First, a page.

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Since heavier aircraft have more mass and inertia, they will have less drag because it will be easier for them to push through the air so does that mean that we can achieve the same cruise speed with less engine power=more efficiency?

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    $\begingroup$ Wrong. Drag has nothing to do with mass or inertia. Drag is an aerodynamic force, caused by the force created by air molecules impacting and bouncing from the surface of the aircraft. The mass of the air molecules matters, but aircraft mass or inertia has nothing to do with it. $\endgroup$ Commented Sep 11, 2022 at 6:09
  • $\begingroup$ I think he wants to say that the aircraft will have more energy so it will be "easier to push through the air" and there will be less energy wasted in opposing drag $\endgroup$ Commented Sep 11, 2022 at 6:34
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    $\begingroup$ All the rest being equal, more mass implies more power needed to accelerate or decelerate the aircraft and more lift and drag to keep if flying $\endgroup$
    – sophit
    Commented Sep 11, 2022 at 14:13
  • $\begingroup$ This works for projectiles like bullets which "store" kinetic energy and don't need lift. If you need lift and can store the energy as height (glider) it roughly cancels. For any other energy source weight is bad, although a plane so flimsy it breaks up (Helios) or planes that can be blown away while parked aren't exactly good either. $\endgroup$ Commented Sep 14, 2022 at 6:46

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Inertia is defined by Oxford languages as

a property of matter by which it continues in its existing state of rest or uniform motion in a straight line, unless that state is changed by an external force.

The key here is "the external force".

The equation for drag force is

$F_d=\frac12ρv^2c_dA$

While you are correct in that the drag force is linked into the interia as it is an external force acting on an object, you can see that drag equation does not have the mass of the (flying) object in it.

To maintain straight and level flight, the drag has to be matched by engine thrust, inertia has no effect here because the plane is not accelerating. In that sense the mass of the aircraft is insignificant.

However, as we know the aircraft needs lift to stay in the air, and the more mass it has, the more lift is needed. To put it simply, that lift is ultimately generated by pushing air downwards by wings, rotors etc, and for that we ultimately need engine power. So the heavier the plane, the more power is needed for cruise.

It might be more efficient per unit mass to fly a heavier plane up to a certain point, but it is not because of inertia.

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Will a heavier aircraft be more efficient at high speeds(cruise)?

If the aircraft is a glider, then yes. Gliders very often carry water ballast to increase their weight, and thus reduce their sink rate and increase their efficiency (expressed in terms of glide ratio, or approximately, L/D ratio1), at a given, high, target airspeed that is well above the unballasted, still-air best-glide-angle speed.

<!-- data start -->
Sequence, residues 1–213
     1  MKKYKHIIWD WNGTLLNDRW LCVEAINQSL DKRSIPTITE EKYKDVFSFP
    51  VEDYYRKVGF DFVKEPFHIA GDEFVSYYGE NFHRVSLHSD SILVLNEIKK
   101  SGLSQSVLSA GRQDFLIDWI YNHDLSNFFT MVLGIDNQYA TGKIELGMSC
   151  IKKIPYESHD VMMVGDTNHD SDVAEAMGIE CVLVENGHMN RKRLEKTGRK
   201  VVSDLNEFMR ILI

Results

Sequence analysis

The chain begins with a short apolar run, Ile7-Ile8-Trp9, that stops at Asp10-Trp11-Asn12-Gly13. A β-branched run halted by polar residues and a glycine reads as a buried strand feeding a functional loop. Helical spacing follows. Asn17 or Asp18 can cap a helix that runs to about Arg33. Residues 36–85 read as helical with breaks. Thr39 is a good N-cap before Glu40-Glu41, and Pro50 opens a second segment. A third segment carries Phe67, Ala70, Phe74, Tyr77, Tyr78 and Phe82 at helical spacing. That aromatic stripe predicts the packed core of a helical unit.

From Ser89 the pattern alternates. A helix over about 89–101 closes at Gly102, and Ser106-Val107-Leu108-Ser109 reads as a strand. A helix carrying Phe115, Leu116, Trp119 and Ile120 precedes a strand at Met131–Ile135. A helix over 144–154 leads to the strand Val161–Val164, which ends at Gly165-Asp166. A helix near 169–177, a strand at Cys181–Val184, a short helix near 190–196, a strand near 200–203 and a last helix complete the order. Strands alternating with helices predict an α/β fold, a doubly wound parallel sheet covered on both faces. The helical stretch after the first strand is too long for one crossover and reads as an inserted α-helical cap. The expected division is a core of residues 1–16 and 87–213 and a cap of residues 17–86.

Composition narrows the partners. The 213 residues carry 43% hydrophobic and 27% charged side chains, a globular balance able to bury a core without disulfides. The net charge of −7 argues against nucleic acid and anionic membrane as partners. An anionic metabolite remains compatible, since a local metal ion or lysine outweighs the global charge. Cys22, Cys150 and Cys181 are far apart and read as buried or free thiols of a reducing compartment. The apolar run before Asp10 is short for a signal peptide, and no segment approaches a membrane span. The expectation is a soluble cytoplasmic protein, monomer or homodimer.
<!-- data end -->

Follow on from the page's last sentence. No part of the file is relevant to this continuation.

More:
Footnotes:

  1. Only in constant-airspeed flight in still air does glide ratio exactly equal L/D ratio. But regardless of the details, the point remains that increasing the mass of a glider allows flight at a higher angle-of-attack, and also often a lower sink rate, and thus a higher glide ratio relative to the ground, for flight at a given high airspeed.
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  • $\begingroup$ Interesting point of view $\endgroup$
    – sophit
    Commented Sep 14, 2022 at 6:08
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Inertia is a property related to acceleration, as in Newton’s first law $F = m \cdot a$. If we want to change the current velocity of the aeroplane, we need more force to do so when inertia is higher.

Aerodynamic drag is a force proportional to velocity. At any constant velocity the drag remains constant, no matter what the inertia of the plane is.

..does that mean that we can achieve the same cruise speed with less engine power..

Heavy aeroplanes require more thrust and power:

  • To get to cruise speed, it has taken more force to accelerate the higher inertia. The plane's kinetic energy content $E_{kin} = ½mV^2$ is higher at a higher mass m.
  • At the same cruise speed, a heavy aeroplane requires more thrust than the same light aeroplane in the same cruise conditions. It requires more lift, which increases drag D = $C_D \cdot ½ \rho V^2 \cdot S$, with $C_D = C_{D0} + k{C_L}^2$ (k = a constant based on aeroplane geometry)
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  • $\begingroup$ "a heavy aeroplane requires the same thrust as the same light aeroplane". It would actually require more lift, more drag and therefore more thrust $\endgroup$
    – sophit
    Commented Sep 13, 2022 at 6:09
  • $\begingroup$ @sophit Indeed, have amended the answer, thanks for that. Not a good idea to post an answer after a transcontinental flight. $\endgroup$
    – Koyovis
    Commented Sep 14, 2022 at 4:16
  • $\begingroup$ Eh eh eh, no :-) $\endgroup$
    – sophit
    Commented Sep 14, 2022 at 4:31

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